From a plectrum-shaped bus station roof that keeps the sun out to a radio-controlled roof window that automatically shuts out the rain. Plus, all manner of roofing products whatever the weather

Kalzip’s Norwich bus station roof
Kalzip’s Norwich bus station roof

Kalzip has supplied its 65/400 aluminium stucco embossed sheets and aluminium L25 and L190 clips to create the spectacular plectrum-shaped roof structure of the £4.5m Norwich bus station. The company says architect NPS Property Consultants specified Kalzip materials because of their flexibility and robustness. The roof canopy protects the glass-fronted station from solar heat gain and eliminates the need for air-conditioning.


enquiry #301

Kingspan system used on Foster scheme
Kingspan system used on Foster scheme

Roofing and flooring specialist Advanced Roofing specified 5000 m² of Kingspan Thermataper TT47 LPC/FM insulation sheets at Foster and Partners’ Djanogly City Academy in Nottingham. The product is said to ensure low heat loss through the roof and prevent the build-up of rainwater. Kingspan says its tapered system is a lightweight, cost-effective alternative to timber firings or screed to create the falls to drain rainwater.


enquiry #302

The Sky Tunnel is here

Sola Skylight has developed a ventilation and natural light pipe system called the Sky Tunnel Power Ventilation Kit. The company says it offers the same natural light properties as the company's existing Sky Tunnel roof-to-ceiling range with the added benefit that it reduces condensation and odours. The system has a polycarbonate dome and extractor device which are fitted to a single metal soaker tray. The kit also uses a reflective and flexible polyester tube which pipes the natural light to the diffuser in the ceiling below while a second flexible tube can be connected to an extractor fan. The maker says the ventilation system is suitable for installation in bathrooms, lavatories, shower-rooms and utility spaces.

Sola Skylight

enquiry #303

Safer bituminous roofs

Marley Waterproofing has brought out a cold-applied, fully bonded bituminous membrane roofing application called Life Cycle Membrane System 20. According to Marley it provides a safer working area for installers because there is no need to use bitumen boilers or gas torches, and because the membrane includes pre-formed details, installers can spend less time on the roof. The system is suitable for both cold and warm roof applications.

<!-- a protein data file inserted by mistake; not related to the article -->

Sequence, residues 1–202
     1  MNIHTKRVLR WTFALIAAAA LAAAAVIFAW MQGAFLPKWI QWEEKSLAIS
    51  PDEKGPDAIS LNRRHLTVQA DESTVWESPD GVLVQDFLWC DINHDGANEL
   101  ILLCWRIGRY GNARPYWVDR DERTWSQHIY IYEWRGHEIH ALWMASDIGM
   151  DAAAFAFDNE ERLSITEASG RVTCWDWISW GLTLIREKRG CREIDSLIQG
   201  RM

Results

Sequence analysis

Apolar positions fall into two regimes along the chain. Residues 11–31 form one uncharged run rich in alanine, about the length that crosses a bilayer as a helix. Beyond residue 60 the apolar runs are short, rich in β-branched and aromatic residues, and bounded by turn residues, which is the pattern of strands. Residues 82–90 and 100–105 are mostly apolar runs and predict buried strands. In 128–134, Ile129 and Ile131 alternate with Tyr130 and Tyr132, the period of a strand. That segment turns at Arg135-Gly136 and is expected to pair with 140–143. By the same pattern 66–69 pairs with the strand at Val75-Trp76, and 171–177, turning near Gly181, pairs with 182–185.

Marley Waterproofing

enquiry #304

Fully integrated solar roof
Fully integrated solar roof

Product innovaion

Solarcentury has launched what it says is the world’s first fully integrated solar roof. This uses solar thermal tiles called C21t that are combined with the company’s existing C21e photovoltaic tiles. Both look like conventional roof tiles and are said to be able to generate energy even in cloudy conditions. The company says its C21t thermal tile captures energy from the sun to warm a fluid and that the heat in this fluid is transferred via a heat exchanger to the hot water system. One of the advantages of the integrated roof is that it is possible to vary the relative quantities of thermal and photovoltaic tiles to match users’ heat and power needs. Solarcentury says that C21 tiles can be added to an existing building project without redesigning the roof because there is no requirement for additional planning permission and no significant change in the appearance of a property due to the dark colour and flush fit of the tiles.


enquiry #305

Woolly thinking from DuPont

DuPont has launched a breathable roofing membrane called Tyvek Vapermax, said to reproduce the structures and quality of wool to create enhanced insulation. The company says the fibres of the membrane never get wet because their hygroscopic core structure accelerates moisture transfer, and the sheaths of Tyvek Vapermax repels water. This means that the risks of interstitial condensation are reduced to the lowest level. The product can be used directly in contact with the insulation in warm roofs or in cold non-ventilated roofs.